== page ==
• Consider displaying a table as shown here to highlight the relationships between the number of pipe cleaners used, the perimeter of the square, and the side length of the square.
number of pipe cleaners perimeter (inches) side length of square (inches)
1 12 3
2 24 6
5 60 15

## Activity 3: Gridded Rectangles (10 minutes)

### Narrative

In this activity, students continue to think about the relationship between side lengths and perimeter by drawing (on grid paper) rectangles when given the perimeter, one or both side lengths, or the relationship between two rectangles. They apply what they learned in an earlier unit about comparing quantities multiplicatively.

### Required Materials

Materials to Gather

Materials to Copy

• Centimeter Grid Paper - Standard

### Launch

• Groups of 2
• Give each student a sheet of centimeter grid paper and a straightedge or ruler.
• “Each square on the grid is 1 centimeter by 1 centimeter.”

### Activity

• “Take a few quiet minutes to draw some rectangles based on the requirements given to you. Be sure to label each rectangle with its side lengths and perimeter.”
• 7–8 minutes: independent work time
• 2–3 minutes: partner discussion
• Monitor for students who choose different pairs of side lengths for rectangle A.

### Student Facing

1. Draw the following rectangles on centimeter grid paper. Label each rectangle. Record the side lengths and the perimeter of each.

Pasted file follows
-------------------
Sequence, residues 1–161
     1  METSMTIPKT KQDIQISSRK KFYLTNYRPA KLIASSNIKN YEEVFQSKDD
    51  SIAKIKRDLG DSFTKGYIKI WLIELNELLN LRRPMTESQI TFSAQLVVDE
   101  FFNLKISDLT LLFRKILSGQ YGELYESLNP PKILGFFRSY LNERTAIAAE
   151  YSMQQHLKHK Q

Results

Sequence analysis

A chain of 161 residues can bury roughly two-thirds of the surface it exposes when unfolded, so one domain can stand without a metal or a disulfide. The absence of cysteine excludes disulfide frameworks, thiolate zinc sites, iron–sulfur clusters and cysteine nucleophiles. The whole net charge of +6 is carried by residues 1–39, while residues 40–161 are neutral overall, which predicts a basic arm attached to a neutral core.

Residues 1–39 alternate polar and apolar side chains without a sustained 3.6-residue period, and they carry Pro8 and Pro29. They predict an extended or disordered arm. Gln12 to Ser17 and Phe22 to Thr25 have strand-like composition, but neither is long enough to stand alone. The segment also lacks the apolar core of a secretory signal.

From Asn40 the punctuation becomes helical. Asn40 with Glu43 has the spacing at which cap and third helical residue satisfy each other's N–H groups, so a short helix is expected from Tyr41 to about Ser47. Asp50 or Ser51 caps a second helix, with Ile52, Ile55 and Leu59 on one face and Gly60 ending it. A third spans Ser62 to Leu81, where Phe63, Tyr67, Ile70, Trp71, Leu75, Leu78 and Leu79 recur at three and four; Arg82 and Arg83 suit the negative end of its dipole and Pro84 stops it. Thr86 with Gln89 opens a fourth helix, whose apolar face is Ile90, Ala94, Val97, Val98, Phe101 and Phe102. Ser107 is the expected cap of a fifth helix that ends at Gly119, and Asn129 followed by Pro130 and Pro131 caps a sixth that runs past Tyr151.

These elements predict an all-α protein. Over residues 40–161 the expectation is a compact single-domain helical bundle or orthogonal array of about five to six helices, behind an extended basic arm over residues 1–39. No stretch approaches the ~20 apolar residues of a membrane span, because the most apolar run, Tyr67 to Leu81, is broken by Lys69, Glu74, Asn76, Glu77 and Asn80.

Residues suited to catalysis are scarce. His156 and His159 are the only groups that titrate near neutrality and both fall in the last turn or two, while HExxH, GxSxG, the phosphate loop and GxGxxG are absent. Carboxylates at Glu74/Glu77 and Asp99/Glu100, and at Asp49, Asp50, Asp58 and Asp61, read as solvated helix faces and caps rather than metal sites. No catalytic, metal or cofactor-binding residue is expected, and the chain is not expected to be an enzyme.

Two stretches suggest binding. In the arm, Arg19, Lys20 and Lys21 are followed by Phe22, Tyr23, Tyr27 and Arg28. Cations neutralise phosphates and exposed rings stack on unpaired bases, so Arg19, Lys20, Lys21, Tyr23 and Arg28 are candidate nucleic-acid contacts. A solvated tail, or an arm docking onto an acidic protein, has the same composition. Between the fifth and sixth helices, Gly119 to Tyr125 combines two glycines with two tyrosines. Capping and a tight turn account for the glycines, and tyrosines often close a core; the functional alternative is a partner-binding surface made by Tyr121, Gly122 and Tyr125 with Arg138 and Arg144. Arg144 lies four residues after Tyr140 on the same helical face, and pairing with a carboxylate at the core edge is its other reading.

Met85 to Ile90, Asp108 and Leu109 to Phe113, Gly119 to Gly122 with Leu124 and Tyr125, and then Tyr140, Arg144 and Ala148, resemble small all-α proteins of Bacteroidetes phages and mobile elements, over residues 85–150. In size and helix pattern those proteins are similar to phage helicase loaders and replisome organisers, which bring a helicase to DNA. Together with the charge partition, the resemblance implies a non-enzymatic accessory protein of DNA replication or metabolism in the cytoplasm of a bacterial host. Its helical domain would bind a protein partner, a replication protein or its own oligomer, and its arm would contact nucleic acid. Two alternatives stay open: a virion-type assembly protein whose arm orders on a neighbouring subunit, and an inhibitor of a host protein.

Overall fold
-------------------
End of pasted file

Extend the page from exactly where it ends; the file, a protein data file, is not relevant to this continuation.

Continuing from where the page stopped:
• Rectangle A has a perimeter of 16 centimeters.
• Rectangle B has side lengths that are 3 times the side lengths of rectangle A.
• Rectangle C has side lengths that are $$\frac{1}{2}$$ of the side lengths of B.
rectangle length (cm) width (cm) perimeter (cm)
A 16
B
C

2. Rectangle D has a perimeter of 96 centimeters.

The perimeter of D is:

• __________ times the perimeter of A

• __________ times the perimeter of B

• __________ times the perimeter of C

### Student Response

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### Activity Synthesis

• See lesson synthesis.

## Lesson Synthesis

### Lesson Synthesis

Invite previously selected students to share their drawings and completed table from the last activity. Display drawings and tables for all to see.

“How did you find the perimeter for rectangle B and C?” (Sample responses:

• I doubled the length and doubled the width, and then added those two numbers.
• I added the length and width and then multiplied the sum by 2.
• I added up all the side lengths.)

If time permits, consider asking:

“What do you notice about the relationships between rectangles A, B, and C in these tables and drawings?” (The perimeters are 16, 48, and 24 cm in all responses. The measurements of rectangle B are 3 times those of A and 2 times the measurements of C.)

Select other students to share their responses to the last question about rectangle D.

“How did you figure out how the perimeter for D compares to those of A, B, and C?” (Sample response: I tried to find out what times 16 gives 96, what times 48 gives 96, and what times 24 gives 96.)

## Cool-down: Rectangles Y and Z (5 minutes)

### Cool-Down